Boston’s first subway had its inaugural run Sept. 1, 1897, which means MBTA’s Green Line is 115 years old.
The oldest subway in the country is also the busiest street car line in the country, carrying 232,000 people daily. The squealing train wheels, the street-level boarding, competition with cars in the street, and limited runs that sums up the Green Line today can be traced back to its early development more than a hundred years ago.
Take a look at its history, latest developments, and future plans.
The first electric passenger car rolled underground from the Park Street Station to Boylston Street at 6:01 a.m. through the tunnel, carrying 100 people.
“Over 100 persons were aboard the car when it rolled down the incline leading to the Boylston St. Maw, and they yelled themselves to the verge of apoplexy,” according to the front page of The Boston Daily Globe on Sept. 1, 1897.
According to records at the time, between 100,000 and 250,000 people rode the first subway cars on Sept. 1.
“Everything went as smooth as the proverbial clockwork, and the opinion heard on all sides was that, as far as it goes, the subway is an unqualified success,” wrote The Boston Daily Globe on Sept. 2.
The New York Times wrote, “That so conservative an American town should happen to be the pioneer in adopting this is viewed as remarkable.”
The Tremont Street Subway was operated by the West End Company, which had been running electrically powered streetcars since 1889. The subway was built to circumvent the street congestion that had plagued Boston. Previously, the West End Company ran horse-drawn trolleys.
Pictured: The crew of an open street car that ran from North Point carhouse at City Point to the Back Bay.
The West End Company wanted to find an alternative to the 8,000 horses hauling around its trains. Officials were reluctant to take on the huge costs of converting its system but changed their minds when they saw a demonstration of the new technology in Richmond, Va.
Pictured: The Park Street subway entrance on Tremont Street in 1930.
The first electric street car line in Boston began in 1889 at the Allston Railroad Depot. The rails currently exist today as part of the “C” branch of the Green Line.
Pictured: The cast-iron portal for Copley inbound evokes the Paris Metro, a Renaissance cathedral, and — most of all — the stately Boston Public Library behind it.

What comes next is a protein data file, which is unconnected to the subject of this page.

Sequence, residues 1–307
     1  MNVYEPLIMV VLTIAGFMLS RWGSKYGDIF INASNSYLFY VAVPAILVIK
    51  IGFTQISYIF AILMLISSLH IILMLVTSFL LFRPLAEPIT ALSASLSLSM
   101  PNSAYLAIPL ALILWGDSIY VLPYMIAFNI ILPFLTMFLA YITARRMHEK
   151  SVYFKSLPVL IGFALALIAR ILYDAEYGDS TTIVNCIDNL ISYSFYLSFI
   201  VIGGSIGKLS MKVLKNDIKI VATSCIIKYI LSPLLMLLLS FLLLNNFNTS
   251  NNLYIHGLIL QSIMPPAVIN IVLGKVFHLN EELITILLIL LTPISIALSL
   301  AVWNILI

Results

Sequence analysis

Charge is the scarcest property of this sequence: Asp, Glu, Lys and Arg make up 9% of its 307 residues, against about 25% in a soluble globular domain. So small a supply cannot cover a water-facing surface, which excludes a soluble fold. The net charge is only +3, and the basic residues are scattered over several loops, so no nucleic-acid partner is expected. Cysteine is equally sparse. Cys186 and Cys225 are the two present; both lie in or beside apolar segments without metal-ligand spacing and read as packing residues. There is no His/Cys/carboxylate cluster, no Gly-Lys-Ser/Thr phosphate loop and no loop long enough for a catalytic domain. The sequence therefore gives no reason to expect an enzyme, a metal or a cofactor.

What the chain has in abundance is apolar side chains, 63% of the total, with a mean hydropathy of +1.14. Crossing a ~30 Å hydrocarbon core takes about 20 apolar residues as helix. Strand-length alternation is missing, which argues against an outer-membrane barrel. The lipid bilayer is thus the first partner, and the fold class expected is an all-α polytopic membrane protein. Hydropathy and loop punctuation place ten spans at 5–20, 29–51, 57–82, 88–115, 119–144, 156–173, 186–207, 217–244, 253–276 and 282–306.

City officials refused to let the downtown area become blighted with elevated rail tracks so only certain areas of the city and the Common were approved for tunnel construction. America’s first subway project was estimated to cost $5 million.
It took 2½ years to transform Boston’s downtown, laying track 17 feet below the surface. The initial project was 1.8 miles long with 5 miles of track.
Workers discovered 900 bodies in unmarked graves along the Old Common Burial ground during construction. Other problems plagued the project. Nearby buildings were subject to occasional flooding. The pastor at Park Street Church called the subway an “infernal hole” and an “un-Christian outrage.”
Six months before the first subway ran, a gas leak during construction and a streetcar spark on the rail caused an explosion that ripped through the Boylston and Tremont street intersection, killing 10 and injuring 50.
Other stations along the line opened a year later in 1898 — Scollay, Adams, and Haymarket squares to North Station. These would become the basis for the eventual Green Line system. Trolley cars from 27 routes across Boston ran into the subway initially.
Officials then focused on building an elevated rail line, eventually known as the “EL,” to outlying neighborhoods. It was seen as a cheaper and less troublesome project than digging tunnels.
Neighborhoods west of Boston wanted neither the eyesores of the steel structures of the elevated line nor the disruption of the underground tunnel construction.
Railway streetcars remained the mode of transportation for these towns as other faster rapid transit options were constructed both north and south of Boston.
The Green Line has some of the tightest turns in the world. The high-pitched screeching is a result of the wheel flange making contact with the rails. Dampers are bolted on the wheels of the newer Green Line cars.
Pictured: Nancy Stenbuck of Chestnut Hill and Joanne Bloom of Brookline demonstrated how seats work in remodeled MTA trains in 1948.
Not much of the whitewashed paint remains at the “Bellmouth.”
It was brightly-lit back in the day for passengers. Boylston Street Station was painted white, with white tiles along the wall when it opened.